Louisville Fire Newsroom


Construction of New Portland Fire Station Begins

Thursday April 24, 2008

Engine 6 to serve Portland, western edge of downtown

Mayor Jerry Abramson and Louisville Fire Chief Greg Frederick poured sand and gravel from wheelbarrows today to celebrate the construction of a new, state-of-the-art fire station at 2500 Griffiths Avenue.

Crews have cleared remnants of a burned building that had stood on the property, and work is underway to prepare the site for the construction of the new Engine 6. The new Portland fire station is one of two fire houses to be built this year as part of Abramson’s 21st Century fire plan.Mayor Abramson poses with Metro Council member David Tandy, Fire Chief Gregory Frederick and residents from the Portland neighborhood at today’s groundbreaking for the new Portland Fire Station. “We are looking forward to building a firehouse in Portland that meets the needs of our firefighters as well as the needs of the citizens,” Abramson said. “We are making good on the promise to develop a 21st Century fire department for a 21st Century Louisville.”

Engine 6 will be located at the intersection of 25th and Griffiths Ave. It will replace the existing station at 2425 Portland Avenue, which was built in 1903 and designed to house a single horse-drawn water wagon. The station was renovated in 1969 – removing the upper level and horse stalls and adding dormitories for the firefighters.

The new station will be larger, with 2 ½ vehicle bays to house a fire engine, an auxiliary fire engine, an EMS response vehicle while on standby, and one fire support vehicle. The location will continue to serve the Portland neighborhood and provide support to nearby areas such as Shawnee, California, Beecher Terrace and the developing areas along downtown’s western edge.

“The house is a vast improvement over the current firehouse,” Frederick said. “Not only will our firefighters have better tools and equipment to do their jobs, but the entire community will benefit from the upgrades.”

Neighbors served by this new fire station had significant input in choosing the location and adding suggestions for the design. Keyes Architects and Associates incorporated elements from the surrounding neighborhood and earlier firehouses so Engine 6 would echo the area’s architectural character.

The fire station will serve two Metro Council districts, and both council representatives applauded the city’s efforts to involve residents in the planning process.

“A firehouse is one of the significant buildings in a neighborhood, and it’s important for residents to have a voice in the earliest stages of planning,” said Metro Councilwoman Cheri Bryant Hamilton. “I’m pleased that our neighbors were invited to be part of the process from the very beginning. It makes this fire station a true community asset.”

“Public safety is my top priority,” said Metro Councilman David Tandy. “Today, thanks to the collaborative efforts of Mayor Abramson and the dedicated residents of Portland, we begin construction on this new fire station that will bring much needed service to this wonderful historic neighborhood. This truly state of the art facility will be a welcome addition to the Fourth Metro Council District.”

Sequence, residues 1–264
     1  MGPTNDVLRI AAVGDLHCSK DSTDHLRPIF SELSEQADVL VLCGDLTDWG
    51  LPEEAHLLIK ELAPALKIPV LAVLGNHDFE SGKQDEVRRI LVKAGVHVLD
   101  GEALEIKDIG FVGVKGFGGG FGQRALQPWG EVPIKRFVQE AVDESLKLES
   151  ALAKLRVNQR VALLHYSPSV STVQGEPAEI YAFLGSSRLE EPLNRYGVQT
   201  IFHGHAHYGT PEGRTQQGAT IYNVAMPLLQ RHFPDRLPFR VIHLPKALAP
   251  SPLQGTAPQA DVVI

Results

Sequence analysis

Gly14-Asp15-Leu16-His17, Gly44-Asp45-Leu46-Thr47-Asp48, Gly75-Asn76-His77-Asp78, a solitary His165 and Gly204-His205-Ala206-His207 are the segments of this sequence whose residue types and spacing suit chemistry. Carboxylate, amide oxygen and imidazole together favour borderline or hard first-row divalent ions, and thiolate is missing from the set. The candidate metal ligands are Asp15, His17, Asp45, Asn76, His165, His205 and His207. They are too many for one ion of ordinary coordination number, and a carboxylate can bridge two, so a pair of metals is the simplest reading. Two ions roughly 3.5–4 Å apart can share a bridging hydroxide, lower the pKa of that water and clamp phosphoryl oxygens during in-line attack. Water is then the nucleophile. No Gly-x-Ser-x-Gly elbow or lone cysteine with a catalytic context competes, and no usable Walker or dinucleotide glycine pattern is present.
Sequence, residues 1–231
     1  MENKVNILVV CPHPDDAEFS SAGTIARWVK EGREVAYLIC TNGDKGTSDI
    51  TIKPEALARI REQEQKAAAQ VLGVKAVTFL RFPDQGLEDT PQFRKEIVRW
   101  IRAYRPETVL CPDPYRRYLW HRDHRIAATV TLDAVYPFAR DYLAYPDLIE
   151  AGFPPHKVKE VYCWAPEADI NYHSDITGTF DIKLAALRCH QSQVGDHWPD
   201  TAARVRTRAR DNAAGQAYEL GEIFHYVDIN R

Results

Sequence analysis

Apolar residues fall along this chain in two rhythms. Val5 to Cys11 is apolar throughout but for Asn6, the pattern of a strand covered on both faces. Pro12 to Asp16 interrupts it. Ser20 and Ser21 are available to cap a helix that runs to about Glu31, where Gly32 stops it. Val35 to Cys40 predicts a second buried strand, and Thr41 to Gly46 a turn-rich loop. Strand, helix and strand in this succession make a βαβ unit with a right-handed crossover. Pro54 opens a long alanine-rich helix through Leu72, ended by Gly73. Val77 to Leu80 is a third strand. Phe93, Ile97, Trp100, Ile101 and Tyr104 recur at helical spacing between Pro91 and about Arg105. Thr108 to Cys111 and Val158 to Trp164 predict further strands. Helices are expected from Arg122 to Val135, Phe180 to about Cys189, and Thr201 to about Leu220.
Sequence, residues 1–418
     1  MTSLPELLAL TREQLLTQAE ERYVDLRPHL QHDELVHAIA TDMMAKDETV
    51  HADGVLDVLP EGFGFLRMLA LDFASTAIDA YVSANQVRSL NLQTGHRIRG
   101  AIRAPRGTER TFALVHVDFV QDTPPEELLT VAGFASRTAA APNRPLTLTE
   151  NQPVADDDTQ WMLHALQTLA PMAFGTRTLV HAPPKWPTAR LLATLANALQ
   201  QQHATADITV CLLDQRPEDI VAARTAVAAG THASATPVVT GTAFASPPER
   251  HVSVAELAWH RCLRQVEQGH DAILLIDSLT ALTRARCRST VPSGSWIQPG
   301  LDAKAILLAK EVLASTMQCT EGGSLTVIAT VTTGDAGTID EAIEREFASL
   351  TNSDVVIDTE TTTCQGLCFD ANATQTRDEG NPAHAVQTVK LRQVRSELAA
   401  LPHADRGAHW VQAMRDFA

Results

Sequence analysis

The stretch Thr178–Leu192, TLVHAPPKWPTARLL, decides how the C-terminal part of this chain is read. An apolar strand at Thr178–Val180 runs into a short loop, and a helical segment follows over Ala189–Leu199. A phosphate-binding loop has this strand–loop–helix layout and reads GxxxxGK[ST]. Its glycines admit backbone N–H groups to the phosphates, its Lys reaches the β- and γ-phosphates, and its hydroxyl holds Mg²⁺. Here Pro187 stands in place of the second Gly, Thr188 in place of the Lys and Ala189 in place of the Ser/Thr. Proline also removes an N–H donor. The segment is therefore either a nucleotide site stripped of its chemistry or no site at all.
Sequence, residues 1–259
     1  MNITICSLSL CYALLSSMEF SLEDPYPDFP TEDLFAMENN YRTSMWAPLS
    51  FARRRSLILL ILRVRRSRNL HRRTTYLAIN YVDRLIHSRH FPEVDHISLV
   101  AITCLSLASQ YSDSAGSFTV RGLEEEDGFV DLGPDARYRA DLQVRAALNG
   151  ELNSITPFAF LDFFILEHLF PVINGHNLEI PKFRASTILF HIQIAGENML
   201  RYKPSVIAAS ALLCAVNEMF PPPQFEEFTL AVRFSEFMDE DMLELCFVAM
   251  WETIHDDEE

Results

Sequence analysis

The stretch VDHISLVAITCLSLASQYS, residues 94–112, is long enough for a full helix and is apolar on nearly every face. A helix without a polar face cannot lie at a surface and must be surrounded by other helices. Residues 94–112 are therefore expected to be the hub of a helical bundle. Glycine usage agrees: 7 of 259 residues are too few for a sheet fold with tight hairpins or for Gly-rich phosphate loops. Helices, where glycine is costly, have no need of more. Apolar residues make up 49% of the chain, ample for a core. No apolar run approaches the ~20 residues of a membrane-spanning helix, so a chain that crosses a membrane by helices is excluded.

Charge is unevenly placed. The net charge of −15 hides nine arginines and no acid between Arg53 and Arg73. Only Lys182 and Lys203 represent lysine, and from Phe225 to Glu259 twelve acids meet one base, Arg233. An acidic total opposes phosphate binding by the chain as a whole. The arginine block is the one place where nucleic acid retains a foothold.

Engine 6 also includes several environmentally-friendly design features, including geothermal heating and cooling and energy-efficient LED lighting in the dormitories.

Louisville Metro Public Works project managers are exploring possible stormwater collection features for the property.

Construction will begin immediately and is scheduled to be completed in December, weather permitting. Firefighters expect to be fully operational from the new Engine 6 by the end of the year.

21st Century Fire Plan Adds Vehicles, Builds New Firehouses, Maintains Stations

Since the mayor announced the 21st Century Fire Plan nearly two years ago, the city has added $2 million worth of new fire trucks and equipment to modernize the firefighting fleet:

  • Tower 2 – a new aerial unit with a 95-foot telescoping ladder housed at the Floyd and Jefferson Street fire station; approximate cost $900,000
  • Engine 10 – new pumper housed at Ashland Avenue fire station in Beechmont neighborhood; approximate costs $450,000
  • Truck 8 – new ladder truck for Ashland Avenue station; approximate cost $650,00

Four new trucks will be ordered by July, including two new pumper trucks, a 100-foot aerial ladder truck and a rescue truck for the dive team. Ultimately, the city will replace more than half of the Fire Department’s 28-vehicle front-line fleet with new equipment.

Another new firehouse, Engine 21 on Spring Street, began construction last week. It will serve the Butchertown, Clifton and Crescent Hill neighborhoods, and is also scheduled to be fully operational by the end of the year. A third new firehouse, Engine 10 in the Beechmont neighborhood, will be constructed in 2009.

The mayor has continued to dedicate funds to refurbish existing fire stations. This year’s budget included $510,000 for such improvements. Over the past two years, the city has replaced roofs, added new windows, completed structural work, renovated dormitories, and added new heating and air-conditioning systems and vehicle bay ventilation systems.